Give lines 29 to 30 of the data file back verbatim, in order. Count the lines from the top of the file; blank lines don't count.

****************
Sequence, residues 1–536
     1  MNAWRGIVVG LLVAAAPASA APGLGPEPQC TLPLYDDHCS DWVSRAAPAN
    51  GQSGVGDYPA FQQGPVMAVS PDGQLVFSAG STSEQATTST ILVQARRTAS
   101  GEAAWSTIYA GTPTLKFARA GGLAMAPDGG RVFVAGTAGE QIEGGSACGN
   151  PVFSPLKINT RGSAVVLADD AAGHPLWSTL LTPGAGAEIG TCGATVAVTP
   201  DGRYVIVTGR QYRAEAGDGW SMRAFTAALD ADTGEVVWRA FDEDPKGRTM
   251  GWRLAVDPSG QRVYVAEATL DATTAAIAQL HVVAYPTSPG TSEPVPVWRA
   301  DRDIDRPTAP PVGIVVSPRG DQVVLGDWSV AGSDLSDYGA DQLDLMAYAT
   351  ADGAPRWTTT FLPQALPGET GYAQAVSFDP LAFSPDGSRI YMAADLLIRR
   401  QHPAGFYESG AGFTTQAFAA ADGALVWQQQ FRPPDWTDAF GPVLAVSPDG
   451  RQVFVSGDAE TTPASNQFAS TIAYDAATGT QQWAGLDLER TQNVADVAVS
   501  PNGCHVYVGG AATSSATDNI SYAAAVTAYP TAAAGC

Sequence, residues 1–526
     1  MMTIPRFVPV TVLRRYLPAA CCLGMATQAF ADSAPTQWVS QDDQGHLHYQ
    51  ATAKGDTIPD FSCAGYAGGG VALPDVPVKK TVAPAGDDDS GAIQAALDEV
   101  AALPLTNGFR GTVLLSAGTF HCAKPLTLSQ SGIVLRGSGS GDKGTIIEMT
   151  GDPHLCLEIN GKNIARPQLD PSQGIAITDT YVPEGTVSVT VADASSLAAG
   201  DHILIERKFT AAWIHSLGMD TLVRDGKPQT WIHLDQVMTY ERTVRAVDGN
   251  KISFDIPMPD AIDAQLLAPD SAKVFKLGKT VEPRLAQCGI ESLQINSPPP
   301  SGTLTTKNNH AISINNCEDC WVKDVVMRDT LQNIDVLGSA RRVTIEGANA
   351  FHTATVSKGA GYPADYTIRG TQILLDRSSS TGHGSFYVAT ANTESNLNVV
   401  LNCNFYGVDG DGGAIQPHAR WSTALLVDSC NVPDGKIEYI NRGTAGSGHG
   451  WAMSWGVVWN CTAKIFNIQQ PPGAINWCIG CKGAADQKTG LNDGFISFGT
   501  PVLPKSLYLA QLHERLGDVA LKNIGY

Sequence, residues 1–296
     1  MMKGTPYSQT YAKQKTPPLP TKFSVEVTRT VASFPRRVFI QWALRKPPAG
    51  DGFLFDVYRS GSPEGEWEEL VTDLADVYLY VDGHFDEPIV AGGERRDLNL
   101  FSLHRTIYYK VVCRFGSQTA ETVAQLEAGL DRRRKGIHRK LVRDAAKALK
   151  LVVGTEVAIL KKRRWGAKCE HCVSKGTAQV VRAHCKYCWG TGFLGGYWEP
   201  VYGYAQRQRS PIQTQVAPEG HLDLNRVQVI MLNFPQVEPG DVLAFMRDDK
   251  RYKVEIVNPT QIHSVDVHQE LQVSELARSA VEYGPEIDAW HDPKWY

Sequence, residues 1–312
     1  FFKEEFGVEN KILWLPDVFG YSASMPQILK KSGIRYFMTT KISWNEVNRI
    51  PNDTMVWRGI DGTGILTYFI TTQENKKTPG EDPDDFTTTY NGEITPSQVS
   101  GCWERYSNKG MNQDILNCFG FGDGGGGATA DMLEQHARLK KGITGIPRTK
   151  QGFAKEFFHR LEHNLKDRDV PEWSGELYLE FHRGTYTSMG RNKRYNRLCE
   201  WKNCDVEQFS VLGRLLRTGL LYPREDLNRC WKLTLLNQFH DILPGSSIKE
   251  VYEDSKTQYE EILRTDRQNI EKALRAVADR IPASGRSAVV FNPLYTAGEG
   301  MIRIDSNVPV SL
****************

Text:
   151  LVVGTEVAIL KKRRWGAKCE HCVSKGTAQV VRAHCKYCWG TGFLGGYWEP
   201  VYGYAQRQRS PIQTQVAPEG HLDLNRVQVI MLNFPQVEPG DVLAFMRDDK